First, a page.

Nothing Unusual in Fund Exits

8:18:26 PM | 10/10/2011

According to Grant Thornton Vietnam, there is a perception by many in the market that Vietnam's private equity focused investment funds have difficulties achieving exits from their investments. In the tightening of capital markets following the global financial crisis, it is through exits that fund managers have been able to continue to make new investments without raising additional capital. Vietnam Business Forum interviewed Mr Chris Freund, Founder and Managing Partner of Mekong Capital, about fund exits in Vietnam. Huong Ly reports.
There have been a certain number of divestments from fund managers recently in Vietnam, including Mekong Capital. What are the main reasons for the exits becoming a trend in Vietnam?
On a combined basis, funds in Vietnam are holding 75 or more investments that could be considered “private equity” investments. For example, we are holding 19 private equity investments. Normally private equity investors aim to hold private equity investments for around 5 years on average, and in most cases between 3 and 7 years. So it is predictable that private equity funds would be selling around 15 companies in 2011. This is nothing unusual and should be happening every year.
Can you disclose some details of the returns that Mekong Capital has gained from the exits?
So far we have fully sold 8 private equity investments. 4 of them achieved a sale price of 2x or higher. We only lost money on 1 of our 8 exits. The companies for which we expect the greatest returns are still held in our portfolio.
What is your plan in the time to come? Any coming exits or new investment you can share with the readers right now?
Yes, we are working on several exits. We are still holding 5 investments in our first fund, and we intend to sell those when we can achieve fair valuations for them. We are also selling 1-2 investments in our second fund.
How is your fund raising progress?
Although we have had a plan to launch a new fund for a while, we haven’t yet started the official process of marketing a new fund. Instead we have prioritized building up our track record. Over the last 3 years our track record has improved dramatically and we are getting close to a point where we can officially launch the marketing and subscription period for the next fund.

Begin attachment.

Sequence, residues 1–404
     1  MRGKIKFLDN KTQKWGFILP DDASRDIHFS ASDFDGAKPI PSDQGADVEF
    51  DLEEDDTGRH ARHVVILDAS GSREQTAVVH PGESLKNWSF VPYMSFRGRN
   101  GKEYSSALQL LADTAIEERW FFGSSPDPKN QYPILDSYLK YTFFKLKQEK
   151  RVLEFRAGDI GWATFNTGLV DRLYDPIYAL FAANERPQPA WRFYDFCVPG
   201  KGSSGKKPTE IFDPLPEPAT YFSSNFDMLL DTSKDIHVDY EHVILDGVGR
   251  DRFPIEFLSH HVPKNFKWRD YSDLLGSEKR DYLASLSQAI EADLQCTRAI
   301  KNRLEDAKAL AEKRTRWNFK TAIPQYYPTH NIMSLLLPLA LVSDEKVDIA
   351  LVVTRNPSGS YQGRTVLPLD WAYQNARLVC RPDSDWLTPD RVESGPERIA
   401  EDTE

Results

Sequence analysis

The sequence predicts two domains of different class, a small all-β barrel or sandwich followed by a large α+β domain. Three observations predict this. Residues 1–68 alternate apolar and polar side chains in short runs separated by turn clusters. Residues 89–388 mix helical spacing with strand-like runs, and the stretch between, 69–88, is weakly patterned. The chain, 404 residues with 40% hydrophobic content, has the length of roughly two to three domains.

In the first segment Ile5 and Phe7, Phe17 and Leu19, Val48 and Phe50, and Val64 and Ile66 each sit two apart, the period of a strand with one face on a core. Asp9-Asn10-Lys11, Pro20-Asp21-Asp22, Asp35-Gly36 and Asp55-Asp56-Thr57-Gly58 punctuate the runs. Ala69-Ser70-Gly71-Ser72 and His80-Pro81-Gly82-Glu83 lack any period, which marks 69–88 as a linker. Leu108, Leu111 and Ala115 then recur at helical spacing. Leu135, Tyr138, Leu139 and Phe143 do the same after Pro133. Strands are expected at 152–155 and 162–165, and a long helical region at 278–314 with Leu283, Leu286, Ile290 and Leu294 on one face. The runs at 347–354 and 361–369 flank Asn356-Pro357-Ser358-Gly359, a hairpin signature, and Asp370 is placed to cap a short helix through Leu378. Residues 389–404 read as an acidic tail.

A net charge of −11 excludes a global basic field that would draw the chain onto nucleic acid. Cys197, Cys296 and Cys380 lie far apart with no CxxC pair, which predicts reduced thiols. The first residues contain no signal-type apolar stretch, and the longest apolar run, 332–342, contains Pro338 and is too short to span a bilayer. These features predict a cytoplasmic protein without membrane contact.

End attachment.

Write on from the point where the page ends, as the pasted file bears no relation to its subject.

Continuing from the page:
What are the challenges and opportunities for your funds investing in Vietnam?
For Mekong Capital, the key issue is building strong management teams in our investee companies. The challenge is that it is difficult to build a strong team, and the opportunity is that the company with the strongest team will achieve the most sustainable growth in its sector.
Do you have any comment on the private equity environment in Vietnam for the time to come?
Currently the biggest problem for private equity investors is the 25 percent capital gains tax. Another problem is the lack of clarity into what retail sectors are subject to the Economic Needs Test (ENT), and the general difficulty of getting investments properly registered with local Departments of Planning and Investment (DPI). It would be best for private equity if these problems were fixed.
How do the difficulties in the economy generally, and financial markets particularly, affect the operations of Mekong Capital in 2011?
 Among our investments, most are doing extremely well in 2011, especially the retail and consumer companies. This is driven mainly by their proactiveness in developing strong management teams. The worst sector has been real estate, which was impacted by the tight credit and high interest rate environment. But this is necessary to reduce inflation.